Autistic toddlers who receive a personalized intervention at about 18 months of age show greater gains in expressive language, social communication and daily living skills than do autistic children who start the therapy at 27 months, according to a new study.
The average age at diagnosis in the United States is 4 years. Clinicians have sought ways to diagnose more children earlier, based on the premise that early interventions are the most effective, but until now the field lacked direct evidence to support that theory.
“Finding that children show greater gains during early intervention really puts the impetus on us as providers to try to diagnose the child earlier,” says lead investigator Whitney Guthrie, assistant professor of psychology in psychiatry and pediatrics at the University of Pennsylvania in Philadelphia.
Although the results help build the case for early diagnosis, they don’t mean that early intervention is better than later across the board, says Micheal Sandbank, assistant professor of occupational science and occupational therapy at the University of North Carolina at Chapel Hill, who was not involved in the work. Not all early interventions are the same, and different existing approaches are supported by completely opposing theories, she says.
“An error would be to overgeneralize these results,” Sandbank says.
Guthrie and her team trained the parents of 82 autistic toddlers, aged 18 to 27 months, to practice behaviors with their children that prioritize social communication and emotional regulation — a model called Early Social Interaction (ESI). The parents learned strategies drawn from the SCERTS curriculum, a framework co-developed by one of the study investigators.
The researchers randomly assigned the parents of 42 children to learn the ESI strategies during in-person, one-on-one coaching sessions with a clinician two to three times a week for nine months; the parents of the remaining 40 children received ESI training during group sessions with four or five other families once a week. Then the parents in the individual sessions switched to the group training format, and vice versa, for an additional nine months.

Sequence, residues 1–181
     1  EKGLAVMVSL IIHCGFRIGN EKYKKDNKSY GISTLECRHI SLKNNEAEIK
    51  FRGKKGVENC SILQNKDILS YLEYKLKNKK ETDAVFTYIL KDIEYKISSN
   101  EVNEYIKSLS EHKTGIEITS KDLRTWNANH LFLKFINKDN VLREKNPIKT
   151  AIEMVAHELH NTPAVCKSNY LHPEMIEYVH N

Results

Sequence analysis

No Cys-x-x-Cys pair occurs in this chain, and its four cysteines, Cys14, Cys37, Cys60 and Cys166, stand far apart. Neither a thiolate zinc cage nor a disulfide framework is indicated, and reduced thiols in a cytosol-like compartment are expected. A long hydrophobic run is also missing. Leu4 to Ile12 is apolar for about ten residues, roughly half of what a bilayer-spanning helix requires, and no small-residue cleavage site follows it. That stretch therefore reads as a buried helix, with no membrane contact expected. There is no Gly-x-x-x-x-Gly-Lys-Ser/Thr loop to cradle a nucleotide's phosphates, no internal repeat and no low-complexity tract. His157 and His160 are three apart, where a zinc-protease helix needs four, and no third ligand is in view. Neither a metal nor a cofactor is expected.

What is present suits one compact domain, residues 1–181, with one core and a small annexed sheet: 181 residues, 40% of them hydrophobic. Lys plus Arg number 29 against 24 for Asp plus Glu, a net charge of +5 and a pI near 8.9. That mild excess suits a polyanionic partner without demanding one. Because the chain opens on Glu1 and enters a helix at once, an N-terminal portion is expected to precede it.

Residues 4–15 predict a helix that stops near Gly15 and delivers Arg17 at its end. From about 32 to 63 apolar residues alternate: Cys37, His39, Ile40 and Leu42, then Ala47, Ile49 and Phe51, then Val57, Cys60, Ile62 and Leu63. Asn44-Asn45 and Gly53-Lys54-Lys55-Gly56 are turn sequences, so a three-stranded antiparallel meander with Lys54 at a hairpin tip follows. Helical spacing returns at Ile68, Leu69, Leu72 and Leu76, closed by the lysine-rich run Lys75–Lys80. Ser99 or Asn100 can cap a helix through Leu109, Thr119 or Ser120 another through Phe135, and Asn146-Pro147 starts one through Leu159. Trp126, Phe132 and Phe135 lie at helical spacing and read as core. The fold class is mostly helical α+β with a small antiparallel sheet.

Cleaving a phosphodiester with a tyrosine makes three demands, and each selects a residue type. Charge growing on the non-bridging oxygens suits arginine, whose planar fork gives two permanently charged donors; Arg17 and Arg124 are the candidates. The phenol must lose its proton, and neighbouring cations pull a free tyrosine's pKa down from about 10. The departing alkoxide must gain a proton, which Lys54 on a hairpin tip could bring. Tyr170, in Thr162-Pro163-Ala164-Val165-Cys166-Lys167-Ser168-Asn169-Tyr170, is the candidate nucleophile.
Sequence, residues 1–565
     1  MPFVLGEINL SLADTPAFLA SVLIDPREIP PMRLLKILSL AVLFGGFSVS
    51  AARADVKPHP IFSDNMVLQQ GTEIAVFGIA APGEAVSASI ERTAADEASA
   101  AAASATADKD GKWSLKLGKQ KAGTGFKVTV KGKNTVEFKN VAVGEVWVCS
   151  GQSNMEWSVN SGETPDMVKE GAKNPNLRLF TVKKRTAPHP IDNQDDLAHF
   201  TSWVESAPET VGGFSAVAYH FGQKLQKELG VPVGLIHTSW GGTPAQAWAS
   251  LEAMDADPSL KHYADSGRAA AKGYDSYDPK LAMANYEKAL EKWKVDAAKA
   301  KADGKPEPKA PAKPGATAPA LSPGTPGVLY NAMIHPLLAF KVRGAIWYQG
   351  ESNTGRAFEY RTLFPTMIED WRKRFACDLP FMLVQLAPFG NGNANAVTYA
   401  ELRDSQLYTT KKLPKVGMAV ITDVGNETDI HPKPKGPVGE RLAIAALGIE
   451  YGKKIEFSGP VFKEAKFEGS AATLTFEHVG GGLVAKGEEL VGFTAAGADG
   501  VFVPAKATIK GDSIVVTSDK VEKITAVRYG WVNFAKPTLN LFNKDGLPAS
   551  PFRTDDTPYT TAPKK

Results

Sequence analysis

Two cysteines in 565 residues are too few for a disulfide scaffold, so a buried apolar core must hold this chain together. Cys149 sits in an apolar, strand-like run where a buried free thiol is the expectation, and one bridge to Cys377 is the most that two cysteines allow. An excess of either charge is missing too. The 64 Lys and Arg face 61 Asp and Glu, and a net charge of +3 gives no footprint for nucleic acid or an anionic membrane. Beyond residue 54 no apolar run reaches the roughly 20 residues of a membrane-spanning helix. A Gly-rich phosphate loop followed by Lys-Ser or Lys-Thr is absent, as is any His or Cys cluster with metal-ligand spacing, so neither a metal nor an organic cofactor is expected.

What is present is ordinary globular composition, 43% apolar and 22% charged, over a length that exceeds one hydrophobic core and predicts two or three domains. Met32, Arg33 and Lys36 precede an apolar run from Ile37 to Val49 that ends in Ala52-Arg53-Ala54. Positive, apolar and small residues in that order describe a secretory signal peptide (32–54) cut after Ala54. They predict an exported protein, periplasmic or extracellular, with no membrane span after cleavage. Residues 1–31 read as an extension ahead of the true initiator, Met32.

Toddlers who began with the individual treatment showed an increase in receptive language scores, as measured by the Mullen Scales of Early Learning, and an increase in daily living skills and expressive language scores on the Vineland Adaptive Behavior Scales (VABS), the researchers found. By contrast, children who started out with the group intervention showed smaller increases in receptive and expressive language and a decrease in daily living skills.
The findings, published in Autism in March, suggest that the early intervention helped children in three particular areas, Sandbank says: social communication, adaptive behavior and language.
But other results reported in the study do not support the hypothesis that earlier intervention is better for those outcomes, Sandbank says. For instance, children who began with individual ESI did not improve their expressive language significantly more during the first half of the study than in the second half, based on the Mullen.
“In many cases, they got discrepant results,” Sandbank says. “And that doesn’t really get interpreted in the discussion with the same caution that I think it should be.”
The VABS tends to produce inflated results, because it is based on information from caregivers who are aware that their children are receiving an intervention, Sandbank says.
And because parents may learn skills in one setting that they apply in another, the findings risk a “contamination effect,” says Wendy Ungar, senior scientist at the Hospital for Sick Children Research Institute in Toronto, Canada, who was not involved in the work.
For example, if a parent receives the individual ESI training first, they may apply those lessons in the group setting, making the group ESI appear more effective, she says. “This way, the group ESI becomes contaminated.”
On the other hand, because parents received coaching during the individual intervention rather than before it started, the intervention could appear less effective. “That might have inhibited their ability to observe the true magnitude of the effects of the individual ESI,” Ungar says.
But overall, the study is well designed, Ungar says. And because it relies on natural interactions with parents, it could help lower the cost of treatment for young children.
“This is going to be a very important paper to support autism policies that allow early intervention,” Ungar says.
The study participants are primarily white and from a higher-education background, an important limitation, Guthrie says.
Guthrie says she and her colleagues next plan to focus on parent outcomes and investigate correlations between parents’ education levels and the effectiveness of different intervention strategies.
As it stands, the claim that children benefit more from earlier intervention is not yet supported by robust evidence, Sandbank says. “We need more studies like this that are adequately designed to directly test this question.”
Cite this article: https://doi.org/10.53053/SKUG2897